Chinese Optics Letters

2023, 21(10): 100101

We introduce the Stokes scintillation indices and the corresponding overall Stokes scintillations for quantitatively studying the fluctuations of both the intensity and polarization of an optical vector beam transmitting through the atmospheric turbulence. With the aid of the multiple-phase-screen method, we examine the Stokes fluctuations of a radially polarized beam in Kolmogorov turbulence numerically. The results show that the overall scintillation for the intensity distribution is always larger than the overall scintillation for the polarization-dependent Stokes parameters, which indicates that the polarization state of a vector beam is stabler than its intensity distribution in the turbulence. We interpret the results with the depolarization effect of the vector beam in turbulence. The findings in this work may be useful in free-space optical communications utilizing vector beams.

Stokes scintillations atmospheric turbulence vector beams polarization of light We report the measurement of the electromagnetically induced transparency (EIT) with Rydberg states in ultracold ${}^{40}\mathrm{K}$ Fermi gases, which is obtained through a two-photon process with the ladder scheme. Rydberg–EIT lines are obtained by measuring the atomic losses instead of the transmitted probe beam. Based on the laser frequency stabilization locking to the superstable cavity, we study the Rydberg–EIT line shapes for the $37\mathrm{s}$ and $35\mathrm{d}$ states. We experimentally demonstrate the significant change in the Rydberg–EIT spectrum by changing the principal quantum number of the Rydberg state (*n*$=37/52$ and *l*$=0$ ). Moreover, the transparency peak position shift is observed, which may be induced by the interaction of the Rydberg atoms. This work provides a platform to explore many interesting behaviors involving Rydberg states in ultracold Fermi gases.

atomic and molecular physics hyperfine structure Rydberg states In this Letter, we present a low-cost, high-resolution spectrometer design for ultra-high resolution optical coherence tomography (UHR-OCT), in which multiple standard achromatic lenses are combined to replace the expensive F-theta lens to achieve a comparable performance. For UHR-OCT, the spectrometer plays an important role in high-quality 3D image reconstruction. Typically, an F-theta lens is used in spectrometers as the Fourier lens to focus the dispersed light on the sensor array, and this F-theta lens is one of the most expensive components in spectrometers. The advantage of F-theta lens over the most widely used achromatic lens is that the aberrations (mainly spherical aberration, SA) are corrected, so the foci of the dispersed optical beams (at different wavelengths) with different incident angles could be placed on the sensor array simultaneously. For the achromatic lens, the foci of the center part of the spectrum are farther than those on the side in the longitudinal direction, causing degradations of the spectral resolution. Furthermore, in comparison with the achromatic lens with the same focal length, those with smaller diameters have stronger SA, but small lenses are what we need for making spectrometers compact and stable. In this work, we propose a simple method of using multiple long-focal-length achromatic lenses together to replace the F-theta lens, which is $>8$ -fold cheaper based on the price of optical components from Thorlabs, US. Both simulations and *in vivo* experiments were implemented to demonstrate the performance of the proposed method.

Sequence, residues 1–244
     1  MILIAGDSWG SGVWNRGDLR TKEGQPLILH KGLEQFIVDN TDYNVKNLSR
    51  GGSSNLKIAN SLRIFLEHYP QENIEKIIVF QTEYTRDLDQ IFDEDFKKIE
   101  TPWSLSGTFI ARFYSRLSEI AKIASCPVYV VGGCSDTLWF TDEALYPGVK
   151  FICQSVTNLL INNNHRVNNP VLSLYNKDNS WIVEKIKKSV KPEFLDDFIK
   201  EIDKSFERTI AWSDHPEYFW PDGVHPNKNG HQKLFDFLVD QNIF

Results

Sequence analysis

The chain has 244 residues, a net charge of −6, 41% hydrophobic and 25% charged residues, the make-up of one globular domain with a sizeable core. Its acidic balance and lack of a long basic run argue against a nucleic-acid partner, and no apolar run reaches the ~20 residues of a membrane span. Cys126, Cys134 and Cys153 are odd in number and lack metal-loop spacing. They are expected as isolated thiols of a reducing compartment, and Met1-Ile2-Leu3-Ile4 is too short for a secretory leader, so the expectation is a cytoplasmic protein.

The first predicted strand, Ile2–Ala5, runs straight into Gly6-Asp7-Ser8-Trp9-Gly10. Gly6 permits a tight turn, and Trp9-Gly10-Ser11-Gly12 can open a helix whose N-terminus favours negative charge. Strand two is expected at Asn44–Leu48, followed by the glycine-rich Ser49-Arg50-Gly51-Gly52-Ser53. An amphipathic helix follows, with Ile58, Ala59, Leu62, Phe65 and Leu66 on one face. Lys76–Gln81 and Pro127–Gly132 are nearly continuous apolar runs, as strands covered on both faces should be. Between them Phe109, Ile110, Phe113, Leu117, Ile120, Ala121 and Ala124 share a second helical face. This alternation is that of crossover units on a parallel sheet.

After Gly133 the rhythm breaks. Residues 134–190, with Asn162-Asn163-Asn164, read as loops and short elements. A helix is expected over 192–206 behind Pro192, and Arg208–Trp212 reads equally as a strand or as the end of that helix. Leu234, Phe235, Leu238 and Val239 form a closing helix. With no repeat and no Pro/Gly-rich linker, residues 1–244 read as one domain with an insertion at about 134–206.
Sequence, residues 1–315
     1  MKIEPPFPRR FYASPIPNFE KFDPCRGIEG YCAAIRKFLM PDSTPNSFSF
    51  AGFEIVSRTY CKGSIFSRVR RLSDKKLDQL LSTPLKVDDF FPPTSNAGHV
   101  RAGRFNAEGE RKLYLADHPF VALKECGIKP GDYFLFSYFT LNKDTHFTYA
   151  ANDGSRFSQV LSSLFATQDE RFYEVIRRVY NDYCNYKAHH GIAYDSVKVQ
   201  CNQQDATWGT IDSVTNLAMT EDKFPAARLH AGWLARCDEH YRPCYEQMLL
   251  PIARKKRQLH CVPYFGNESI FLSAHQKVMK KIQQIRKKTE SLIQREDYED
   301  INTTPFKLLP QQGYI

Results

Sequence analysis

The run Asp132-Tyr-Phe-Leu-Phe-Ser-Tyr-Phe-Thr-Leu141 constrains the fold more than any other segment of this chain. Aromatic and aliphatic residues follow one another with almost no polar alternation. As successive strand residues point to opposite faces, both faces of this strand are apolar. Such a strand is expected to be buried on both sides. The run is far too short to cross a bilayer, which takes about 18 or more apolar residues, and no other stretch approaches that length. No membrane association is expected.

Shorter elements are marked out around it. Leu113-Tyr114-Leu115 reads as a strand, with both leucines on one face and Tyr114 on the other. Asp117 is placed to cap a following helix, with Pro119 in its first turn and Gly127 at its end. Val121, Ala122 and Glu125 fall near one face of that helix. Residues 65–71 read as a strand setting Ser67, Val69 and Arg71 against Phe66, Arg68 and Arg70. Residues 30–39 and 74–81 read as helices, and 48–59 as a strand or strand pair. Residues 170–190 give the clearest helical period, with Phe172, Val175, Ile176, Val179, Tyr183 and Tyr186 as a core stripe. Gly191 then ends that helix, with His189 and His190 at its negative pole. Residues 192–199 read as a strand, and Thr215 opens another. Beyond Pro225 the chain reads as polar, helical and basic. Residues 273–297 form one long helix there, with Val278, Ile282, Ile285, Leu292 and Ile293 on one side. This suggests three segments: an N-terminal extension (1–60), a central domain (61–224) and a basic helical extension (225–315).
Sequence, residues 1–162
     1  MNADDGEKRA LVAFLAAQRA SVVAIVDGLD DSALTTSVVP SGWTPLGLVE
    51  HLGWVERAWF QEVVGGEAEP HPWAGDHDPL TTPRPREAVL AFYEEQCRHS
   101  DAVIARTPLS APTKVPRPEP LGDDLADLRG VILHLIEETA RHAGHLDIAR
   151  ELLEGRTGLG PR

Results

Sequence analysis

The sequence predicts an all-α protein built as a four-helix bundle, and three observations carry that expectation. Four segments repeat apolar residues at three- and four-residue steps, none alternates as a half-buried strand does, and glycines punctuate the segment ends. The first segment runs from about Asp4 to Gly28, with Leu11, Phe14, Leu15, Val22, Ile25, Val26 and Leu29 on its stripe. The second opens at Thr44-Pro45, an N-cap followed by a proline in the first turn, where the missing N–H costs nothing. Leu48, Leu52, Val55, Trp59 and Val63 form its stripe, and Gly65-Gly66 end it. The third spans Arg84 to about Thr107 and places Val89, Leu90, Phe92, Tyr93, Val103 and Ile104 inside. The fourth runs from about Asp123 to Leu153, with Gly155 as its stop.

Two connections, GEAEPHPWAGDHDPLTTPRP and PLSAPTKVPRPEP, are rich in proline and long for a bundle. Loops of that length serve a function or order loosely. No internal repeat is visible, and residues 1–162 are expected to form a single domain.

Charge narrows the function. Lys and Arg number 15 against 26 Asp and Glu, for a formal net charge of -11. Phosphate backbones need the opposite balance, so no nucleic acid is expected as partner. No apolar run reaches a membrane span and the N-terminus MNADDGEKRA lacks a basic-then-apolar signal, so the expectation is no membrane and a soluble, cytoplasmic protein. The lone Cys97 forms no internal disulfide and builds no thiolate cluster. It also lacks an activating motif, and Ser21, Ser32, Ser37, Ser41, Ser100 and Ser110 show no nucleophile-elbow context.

low-cost spectrometer optical coherence tomography spherical aberration suppression ultrahigh-resolution non-invasive imaging In this Letter, we propose a simple structure of an orthogonal type double Michelson interferometer. The orthogonal detection method overcomes the problems of uneven ranging sensitivity and the inability of traditional interferometers to determine the displacement direction. The displacement measurement principle and signal processing method of the orthogonal double interferometer are studied. Unlike the arctangent algorithm, the displacement analysis uses the arc cosine algorithm, avoiding any pole limit in the distance analysis process. The minimum step size of the final experimental displacement system is 5 nm, which exhibits good repeatability, and the average error is less than 0.12 nm.

orthogonal detection nanoscale displacement measurement laser interferometer We propose a method for reconstructing non-diffuse surfaces based on the $\pi $ -phase-shifted two-plus-one phase-shifting method. First, we introduce a 2*f*_{H} + *a* + 2*f*_{M} + 2*f*_{L} method for unwrapped phase extraction. Subsequently, we introduce a new set of $\pi $ -phase-shifted 2*f*_{H} + *a*/2 + 2*f*_{M} + 2*f*_{L} fringe patterns with halved background intensity. The saturated pixels will be replaced with the unsaturated pixels in the $\pi $ -phase-shifted fringe patterns. Finally, we analyze eight fringe replacement cases and give the corresponding phase calculation, and further give the general formulas. Experiments confirm that the sum of the phase error of the proposed method is 81.4% lower than that of the traditional method, and 61.5% lower than that of the adaptive fringe projection method.